For the uninitiated, Kill la Kill follows the story of Ryuuko Matoi, a young vagrant who carries around a giant half scissor during her search for her father’s killer. She eventually arrives at Honnouji Academy, a high school that’s been structured like a dictatorship. Satsuki Kiryuuin rules at the top and relies on four powerful underlings to maintain a brutal competitive hierarchy. Satsuki and her Elite Four rely on special school uniforms that give them magical and/or supernatural abilities to keep unruly students in line with Satsuki’s ideals. However, after discovering that Satsuki has information concerning her father’s death, Ryuuko throws caution to the wind and decides to take on the entire school to find the answers she needs. Senketsu, a sailor uniform she finds in her father’s old workshop, joins her on her quest. By bonding with her through blood transfusion, he gives her the ability to transform into a magical girl with nearly unlimited potential and power.

Despite the absurd premise, Kill la Kill provides the perfect lens into the cultural identity of seifuku uniforms. In the anime, the students are the characters with the most power. Their school is a haven where they form their own society of rules and regulations, and the adults are forced to submit to the student body’s will. Their uniformity is used to symbolize their combined might as an army. It’s one that the adults can’t match. The members of the school with the most agency, Satsuki and the Elite Four, are also the ones who customize their school’s normal uniform. Yet, despite their personality, all the students at Honnouji Academy play by the rules they set for themselves. Freedom of thought is quickly suppressed and eliminated. That is, until Ryuuko arrives.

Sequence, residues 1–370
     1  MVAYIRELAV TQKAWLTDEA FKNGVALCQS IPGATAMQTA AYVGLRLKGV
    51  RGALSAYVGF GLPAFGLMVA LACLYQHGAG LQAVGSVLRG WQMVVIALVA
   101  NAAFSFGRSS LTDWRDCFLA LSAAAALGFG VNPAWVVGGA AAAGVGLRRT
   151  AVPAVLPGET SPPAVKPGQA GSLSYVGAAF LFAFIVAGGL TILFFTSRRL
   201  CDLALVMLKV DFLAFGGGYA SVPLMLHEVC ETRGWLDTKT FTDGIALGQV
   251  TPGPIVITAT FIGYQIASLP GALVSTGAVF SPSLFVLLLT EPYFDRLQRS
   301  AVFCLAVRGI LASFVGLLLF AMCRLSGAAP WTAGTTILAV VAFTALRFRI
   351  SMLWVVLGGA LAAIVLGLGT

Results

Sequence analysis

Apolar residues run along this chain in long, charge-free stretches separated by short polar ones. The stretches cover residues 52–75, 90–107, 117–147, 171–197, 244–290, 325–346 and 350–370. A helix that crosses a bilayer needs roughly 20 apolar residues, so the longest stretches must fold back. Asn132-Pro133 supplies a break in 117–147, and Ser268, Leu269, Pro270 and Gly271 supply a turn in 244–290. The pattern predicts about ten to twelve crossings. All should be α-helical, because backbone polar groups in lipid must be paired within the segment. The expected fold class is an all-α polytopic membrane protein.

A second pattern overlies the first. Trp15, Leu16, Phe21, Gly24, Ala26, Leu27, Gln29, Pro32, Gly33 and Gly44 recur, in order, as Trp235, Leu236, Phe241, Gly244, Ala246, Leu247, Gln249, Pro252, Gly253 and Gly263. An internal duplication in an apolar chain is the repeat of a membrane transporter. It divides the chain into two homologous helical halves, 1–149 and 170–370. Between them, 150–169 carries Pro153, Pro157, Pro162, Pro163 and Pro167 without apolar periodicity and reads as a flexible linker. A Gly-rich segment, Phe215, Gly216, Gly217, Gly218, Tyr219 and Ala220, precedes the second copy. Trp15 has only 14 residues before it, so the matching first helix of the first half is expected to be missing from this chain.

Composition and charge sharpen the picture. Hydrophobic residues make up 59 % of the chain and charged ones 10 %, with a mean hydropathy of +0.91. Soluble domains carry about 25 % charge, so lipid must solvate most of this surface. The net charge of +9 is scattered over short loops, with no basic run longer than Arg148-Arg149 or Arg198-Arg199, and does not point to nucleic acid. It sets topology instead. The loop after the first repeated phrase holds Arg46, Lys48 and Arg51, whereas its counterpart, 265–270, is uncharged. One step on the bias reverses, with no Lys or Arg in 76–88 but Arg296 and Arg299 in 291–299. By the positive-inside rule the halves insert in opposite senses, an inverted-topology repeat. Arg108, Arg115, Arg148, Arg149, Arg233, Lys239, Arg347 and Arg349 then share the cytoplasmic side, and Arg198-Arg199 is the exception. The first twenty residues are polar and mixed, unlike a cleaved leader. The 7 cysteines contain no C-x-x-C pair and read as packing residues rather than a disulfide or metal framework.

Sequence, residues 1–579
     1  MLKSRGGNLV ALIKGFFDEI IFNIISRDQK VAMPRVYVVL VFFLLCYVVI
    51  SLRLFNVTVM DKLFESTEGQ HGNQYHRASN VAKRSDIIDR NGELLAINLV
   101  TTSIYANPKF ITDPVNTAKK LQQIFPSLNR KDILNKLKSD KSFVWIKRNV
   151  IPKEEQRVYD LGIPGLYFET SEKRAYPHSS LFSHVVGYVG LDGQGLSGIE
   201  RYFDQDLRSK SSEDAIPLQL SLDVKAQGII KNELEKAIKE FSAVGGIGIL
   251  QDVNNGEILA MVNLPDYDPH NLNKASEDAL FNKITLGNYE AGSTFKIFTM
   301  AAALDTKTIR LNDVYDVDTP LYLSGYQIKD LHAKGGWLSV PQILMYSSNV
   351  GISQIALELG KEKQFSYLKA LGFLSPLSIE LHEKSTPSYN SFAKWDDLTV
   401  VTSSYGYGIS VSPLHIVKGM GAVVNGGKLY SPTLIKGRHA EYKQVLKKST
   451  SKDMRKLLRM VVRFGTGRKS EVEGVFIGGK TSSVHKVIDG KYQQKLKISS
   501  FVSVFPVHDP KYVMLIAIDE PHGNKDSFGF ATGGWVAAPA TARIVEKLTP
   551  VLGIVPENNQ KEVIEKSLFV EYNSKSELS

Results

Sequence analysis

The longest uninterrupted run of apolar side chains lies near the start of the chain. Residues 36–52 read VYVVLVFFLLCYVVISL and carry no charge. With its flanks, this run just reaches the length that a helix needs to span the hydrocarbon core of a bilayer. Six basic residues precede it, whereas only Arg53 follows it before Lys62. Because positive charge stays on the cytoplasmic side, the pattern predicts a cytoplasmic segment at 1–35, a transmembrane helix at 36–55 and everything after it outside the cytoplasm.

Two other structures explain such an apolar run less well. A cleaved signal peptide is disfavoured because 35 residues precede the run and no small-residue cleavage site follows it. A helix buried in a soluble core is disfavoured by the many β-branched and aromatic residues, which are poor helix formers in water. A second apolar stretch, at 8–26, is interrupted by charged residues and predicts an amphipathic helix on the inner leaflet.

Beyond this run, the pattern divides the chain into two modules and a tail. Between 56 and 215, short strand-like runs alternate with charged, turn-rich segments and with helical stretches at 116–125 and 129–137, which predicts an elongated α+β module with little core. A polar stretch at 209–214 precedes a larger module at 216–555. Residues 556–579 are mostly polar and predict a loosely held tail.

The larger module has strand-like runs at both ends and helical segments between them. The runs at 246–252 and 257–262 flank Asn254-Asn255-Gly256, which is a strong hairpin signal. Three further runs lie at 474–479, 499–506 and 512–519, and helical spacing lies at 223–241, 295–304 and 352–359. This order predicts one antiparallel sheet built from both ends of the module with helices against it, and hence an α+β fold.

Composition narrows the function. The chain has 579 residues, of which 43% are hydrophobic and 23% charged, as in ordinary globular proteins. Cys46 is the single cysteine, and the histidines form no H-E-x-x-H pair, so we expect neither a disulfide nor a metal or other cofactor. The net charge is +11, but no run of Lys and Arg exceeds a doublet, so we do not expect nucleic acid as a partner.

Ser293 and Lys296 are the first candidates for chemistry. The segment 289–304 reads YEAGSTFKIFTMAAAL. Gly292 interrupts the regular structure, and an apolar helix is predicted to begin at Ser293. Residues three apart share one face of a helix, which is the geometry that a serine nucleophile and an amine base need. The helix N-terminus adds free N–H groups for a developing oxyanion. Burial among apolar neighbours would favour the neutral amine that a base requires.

Ryuuko is the first character to wear a uniform that is completely different from what the other students are wearing. With the freedom her unique seifuku provides her, she’s able to overturn the status quo of the school bit by bit. As her obstacles change, so too does her uniform. It’s as if she’s able to transfer her carefree disposition into her clothes, and this ability to accept her youth makes her more powerful than anyone she comes across. Ryuuko hangs out with whom she wants and fights whom she wants and her vagrant behavior is transposed into the literal embodiment of her clothes. Ryuuko’s sexuality is also presented as pretty fluid in comparison to the other students. Though the anime doesn’t confirm her sexuality one way or another, Ryuuko does kiss more girls than boys, grows closer to her friend Mako Mankanshoku throughout the show, and agrees to go on a date with Mako in the final episode. Ryuuko is youthful and follows her own path, whether it’s for vengeance or for love.